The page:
Cassini Set to Do Retinal Scan of Saturnian Eyeball

February 12th, 2010 in Astronomy & Space / Space Exploration
During its approach to Mimas on Aug. 2, 2005, the Cassini spacecraft narrow-angle camera obtained multi-spectral views of the moon from a range of 228,000 kilometers (142,500 miles). Image credit: NASA/JPL/Space Science Institute


During its approach to Mimas on Aug. 2, 2005, the Cassini spacecraft narrow-angle camera obtained multi-spectral views of the moon from a range of 228,000 kilometers (142,500 miles). Image credit: NASA/JPL/Space Science Institute

(PhysOrg.com) -- On Feb. 13, 2010, NASA's Cassini spacecraft will make its closest examination yet of Mimas, an eyeball-shaped moon of Saturn that has also been likened to the Death Star of "Star Wars." The spacecraft will be returning the highest-resolution images yet of this battered satellite.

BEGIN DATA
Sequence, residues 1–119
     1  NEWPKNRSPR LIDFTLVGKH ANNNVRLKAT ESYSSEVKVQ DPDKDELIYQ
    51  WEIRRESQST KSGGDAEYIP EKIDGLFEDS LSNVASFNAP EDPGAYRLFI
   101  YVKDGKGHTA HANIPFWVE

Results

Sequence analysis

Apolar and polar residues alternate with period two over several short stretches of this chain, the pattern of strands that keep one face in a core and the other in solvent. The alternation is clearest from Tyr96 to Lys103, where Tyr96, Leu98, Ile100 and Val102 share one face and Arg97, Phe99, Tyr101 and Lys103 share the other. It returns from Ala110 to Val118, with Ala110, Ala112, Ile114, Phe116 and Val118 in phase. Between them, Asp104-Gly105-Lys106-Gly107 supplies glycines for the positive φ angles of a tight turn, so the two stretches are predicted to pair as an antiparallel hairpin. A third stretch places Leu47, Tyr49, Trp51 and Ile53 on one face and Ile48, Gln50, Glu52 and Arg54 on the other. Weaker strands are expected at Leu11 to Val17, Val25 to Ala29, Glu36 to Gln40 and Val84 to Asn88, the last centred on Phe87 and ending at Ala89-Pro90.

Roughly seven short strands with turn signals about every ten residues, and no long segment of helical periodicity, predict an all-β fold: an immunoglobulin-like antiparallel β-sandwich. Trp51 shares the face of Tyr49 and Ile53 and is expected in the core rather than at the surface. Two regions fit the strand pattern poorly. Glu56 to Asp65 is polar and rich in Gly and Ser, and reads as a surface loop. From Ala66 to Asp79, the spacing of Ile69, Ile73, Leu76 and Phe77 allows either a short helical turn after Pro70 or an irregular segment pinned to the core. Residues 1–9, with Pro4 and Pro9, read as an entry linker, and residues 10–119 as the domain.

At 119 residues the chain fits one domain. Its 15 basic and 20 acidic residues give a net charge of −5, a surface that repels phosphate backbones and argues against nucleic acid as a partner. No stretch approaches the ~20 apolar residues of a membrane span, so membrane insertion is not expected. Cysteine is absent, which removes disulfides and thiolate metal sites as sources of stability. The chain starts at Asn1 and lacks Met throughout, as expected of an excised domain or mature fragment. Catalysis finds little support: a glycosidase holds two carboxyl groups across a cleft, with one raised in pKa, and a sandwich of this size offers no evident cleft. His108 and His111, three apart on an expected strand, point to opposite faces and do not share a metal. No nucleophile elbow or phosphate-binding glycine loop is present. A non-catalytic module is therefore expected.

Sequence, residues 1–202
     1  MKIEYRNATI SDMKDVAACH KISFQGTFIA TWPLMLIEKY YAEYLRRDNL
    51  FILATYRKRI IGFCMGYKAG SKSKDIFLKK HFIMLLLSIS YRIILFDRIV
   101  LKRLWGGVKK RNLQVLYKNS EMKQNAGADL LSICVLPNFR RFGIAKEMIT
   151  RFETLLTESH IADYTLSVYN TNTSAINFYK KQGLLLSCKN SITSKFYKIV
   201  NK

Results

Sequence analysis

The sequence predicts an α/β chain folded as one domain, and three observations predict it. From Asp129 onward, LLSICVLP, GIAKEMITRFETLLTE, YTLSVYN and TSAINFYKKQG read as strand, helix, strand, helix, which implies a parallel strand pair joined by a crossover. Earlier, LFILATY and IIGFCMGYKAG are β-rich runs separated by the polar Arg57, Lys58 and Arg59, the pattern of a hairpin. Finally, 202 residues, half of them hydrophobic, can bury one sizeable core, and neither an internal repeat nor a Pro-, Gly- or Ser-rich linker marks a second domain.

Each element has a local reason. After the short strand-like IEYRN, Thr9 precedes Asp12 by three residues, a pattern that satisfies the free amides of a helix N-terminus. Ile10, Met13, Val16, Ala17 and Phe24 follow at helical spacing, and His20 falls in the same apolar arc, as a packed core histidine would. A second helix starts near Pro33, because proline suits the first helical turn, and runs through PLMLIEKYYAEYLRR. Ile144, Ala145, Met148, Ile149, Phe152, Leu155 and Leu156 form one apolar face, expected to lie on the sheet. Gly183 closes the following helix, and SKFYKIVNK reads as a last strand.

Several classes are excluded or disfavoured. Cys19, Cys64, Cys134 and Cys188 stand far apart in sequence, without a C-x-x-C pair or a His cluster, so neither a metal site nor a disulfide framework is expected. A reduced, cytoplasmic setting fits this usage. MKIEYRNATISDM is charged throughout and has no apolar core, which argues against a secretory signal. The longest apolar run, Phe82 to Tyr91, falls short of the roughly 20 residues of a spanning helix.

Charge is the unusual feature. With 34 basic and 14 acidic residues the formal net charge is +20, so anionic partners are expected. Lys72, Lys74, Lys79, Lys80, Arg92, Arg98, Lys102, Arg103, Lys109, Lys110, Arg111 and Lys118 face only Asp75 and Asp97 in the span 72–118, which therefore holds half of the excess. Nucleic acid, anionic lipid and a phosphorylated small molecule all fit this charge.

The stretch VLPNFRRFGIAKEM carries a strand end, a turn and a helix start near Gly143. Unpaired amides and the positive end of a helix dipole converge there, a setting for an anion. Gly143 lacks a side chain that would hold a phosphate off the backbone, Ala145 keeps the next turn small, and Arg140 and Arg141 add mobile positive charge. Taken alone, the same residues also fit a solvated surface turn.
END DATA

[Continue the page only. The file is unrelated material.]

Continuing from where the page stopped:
Mimas bears the mark of a violent, giant impact from the past - the 140-kilometer-wide (88-mile-wide) Herschel Crater - and scientists hope the encounter will help them explain why the moon was not blown to smithereens when the impact happened. They will also be trying to count smaller dings inside the basin of Herschel Crater so they can better estimate its age.

In addition, Cassini's composite infrared spectrometer will be working to determine the thermal signature of the moon, and other instruments will be making measurements to learn more about the .

The Mimas flyby involves a significant amount of skill because the spacecraft will be passing through a dusty region to get there. Mission managers have planned for the to lead with its high-gain antenna to provide a barrier of protection. At closest approach, the will be flying about 9,500 kilometers (5,900 miles) above the moon. Cassini will start taking images and measurements shortly after closest approach.

Mimas is an inner moon of that averages 396 kilometers (246 miles) in diameter. The diameter of Herschel Crater is about one-third that of the entire . The walls of the crater are about 5 kilometers (3 miles) high, and parts of the floor are approximately 10 kilometers (6 miles) deep.

Provided by JPL/NASA

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